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  • December 15, 2022

    The IRS Does Not Require Me To Say This

    Email disclaimers purportedly “required by IRS Circular 230” are not required and should be omitted, writes Joe Malone.

    Joe T. Malone

    Many lawyers automatically append a disclaimer to each outgoing email explaining that the recipient should not rely on any tax advice contained in the email. Some of these disclaimers explain that IRS Circular 230 requires that the lawyer provide the disclaimer.

    For example:

    IRS Circular 230 Disclosure: To ensure compliance with requirements imposed by the IRS, we inform you that any U.S. federal tax advice contained in this communication (including any attachments) is not intended or written to be used, and cannot be used, for the purpose of (i) avoiding penalties under the Internal Revenue Code or (ii) promoting, marketing or recommending to another party any transaction or matter addressed herein.1

    The Circular 230 disclaimer was a byproduct of standards for tax opinions that has since taken on a life of its own. The IRS amended the standards in 2014, stating that “Treasury and the IRS expect that these amendments will eliminate the use of a Circular 230 disclaimer in email and other writings.”2

    In addition to the Treasury’s own guidance, federal courts have since called into question whether the IRS even has the authority to regulate transactional tax advice. Nevertheless, Circular 230 disclaimers remain commonplace.

    The Covered Opinion Regulations

    In the 1990s, a legal industry arose around written opinions from tax attorneys defending the legitimacy of tax shelters. The IRS was concerned that these opinions were used only to make a record of a taxpayer’s good-faith reliance on a tax strategy in the event the IRS later challenged the transaction, rather than as a tool to legitimately evaluate a tax strategy. This practice would avoid harsher penalties, even in the event the tax result was reversed, since the taxpayer was arguably just following an expert’s advice.3

    Joe T. Malone headshot Joe T. Malone, U.W. 2019, is an asso​ciate attorney at Fuhrman & Dodge, S.C., in Middleton, where he practices civil litigation.

    ​​In 2005, the IRS responded by promulgating rules, reprinted in its “Circular 230,” that required very high standards for the investigation, research, and analysis that went into opinions supporting the legitimacy of tax shelters. Essentially, the heightened standards were designed to prevent “abusive tax shelters.” Breach of these high standards could lead to censure, disbarment, suspension, or monetary penalties for lawyers in addition to any penalties to the client.4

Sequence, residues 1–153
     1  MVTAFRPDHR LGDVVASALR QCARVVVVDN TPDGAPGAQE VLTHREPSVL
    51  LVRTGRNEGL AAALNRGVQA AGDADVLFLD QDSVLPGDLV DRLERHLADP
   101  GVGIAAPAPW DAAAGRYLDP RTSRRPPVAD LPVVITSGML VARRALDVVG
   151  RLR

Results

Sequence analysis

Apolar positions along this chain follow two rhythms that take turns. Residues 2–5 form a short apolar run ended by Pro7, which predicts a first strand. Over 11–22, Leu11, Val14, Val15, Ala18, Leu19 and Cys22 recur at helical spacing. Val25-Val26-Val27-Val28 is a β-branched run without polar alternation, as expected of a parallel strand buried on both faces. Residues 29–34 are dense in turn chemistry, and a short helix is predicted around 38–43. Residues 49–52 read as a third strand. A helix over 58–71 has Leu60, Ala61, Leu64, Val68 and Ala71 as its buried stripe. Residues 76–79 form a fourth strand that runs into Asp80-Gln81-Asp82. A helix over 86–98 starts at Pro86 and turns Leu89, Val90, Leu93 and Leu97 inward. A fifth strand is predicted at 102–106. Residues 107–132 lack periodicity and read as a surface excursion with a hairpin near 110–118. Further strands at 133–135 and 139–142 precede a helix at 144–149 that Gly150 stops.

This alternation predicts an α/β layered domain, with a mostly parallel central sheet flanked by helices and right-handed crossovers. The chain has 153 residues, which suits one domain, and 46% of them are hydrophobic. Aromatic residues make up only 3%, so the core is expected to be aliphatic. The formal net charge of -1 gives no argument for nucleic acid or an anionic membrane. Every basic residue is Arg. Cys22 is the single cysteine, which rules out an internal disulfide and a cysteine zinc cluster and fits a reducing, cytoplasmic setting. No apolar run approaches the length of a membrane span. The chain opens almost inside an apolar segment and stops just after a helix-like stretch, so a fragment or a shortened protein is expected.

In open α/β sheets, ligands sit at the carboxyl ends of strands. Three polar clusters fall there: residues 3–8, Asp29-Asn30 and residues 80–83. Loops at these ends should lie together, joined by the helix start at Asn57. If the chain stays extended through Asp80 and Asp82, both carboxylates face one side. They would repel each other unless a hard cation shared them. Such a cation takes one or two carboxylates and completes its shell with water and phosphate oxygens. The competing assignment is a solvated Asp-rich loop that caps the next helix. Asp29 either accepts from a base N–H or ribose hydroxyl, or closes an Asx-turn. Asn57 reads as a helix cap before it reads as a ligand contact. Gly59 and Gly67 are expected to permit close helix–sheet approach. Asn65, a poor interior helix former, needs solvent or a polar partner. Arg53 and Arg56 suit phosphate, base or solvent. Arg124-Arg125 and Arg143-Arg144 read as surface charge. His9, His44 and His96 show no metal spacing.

While the IRS wanted to curb abusive tax shelters, the heightened regulations gave a safe harbor to any writing that explicitly disclaimed being an opinion on a tax shelter. Thus, a disclaimer would ostensibly protect a lawyer from the dire consequences of violating the Circular 230 provisions.5 This ultimately led to today’s common practice of including Circular 230 disclaimers on all communications.6

    In addition to opinions on tax shelters, the IRS applied even higher standards and more extreme consequences for inadequate opinions with respect to “marketed opinions.” A marketed opinion is an opinion which will be used “in promoting, marketing or recommending a partnership or other entity, investment plan or arrangement to one or more [taxpayers].” A marketed opinion is quintessentially one that is distributed with some type of investment, detailing what the tax consequences would be for the investor.7

    The “marketed opinions” rules regulated written material “used to promote or market any questionable tax scheme.”8 The perceived problem was that law and accounting firms were developing “complex [tax] shelters and market[ing] them to literally hundreds of clients on a contingency-fee basis (the fee being based on the amount of tax saved), often making tens of millions of dollars on a single shelter.”9

    In response to the harsh regulations, standard disclaimers based on Circular 230 became commonplace. In addition to creating the now-prevalent disclaimers, Circular 230 also gave rise to push-back from the legal industry. The standards set for tax opinions, for the most part, made tax opinions more expensive on the one hand, while failing to effectively combat the inadequate opinions the IRS had set out to eradicate in the first place.10

    In 2014, the IRS repealed the rules governing tax shelter opinions and marketed opinions. The IRS released more narrowly tailored rules designed to prevent abuse without the previous regulations’ unintended consequences.11

    The IRS also explained that the ubiquitous Circular 230 disclaimers were now unnecessary: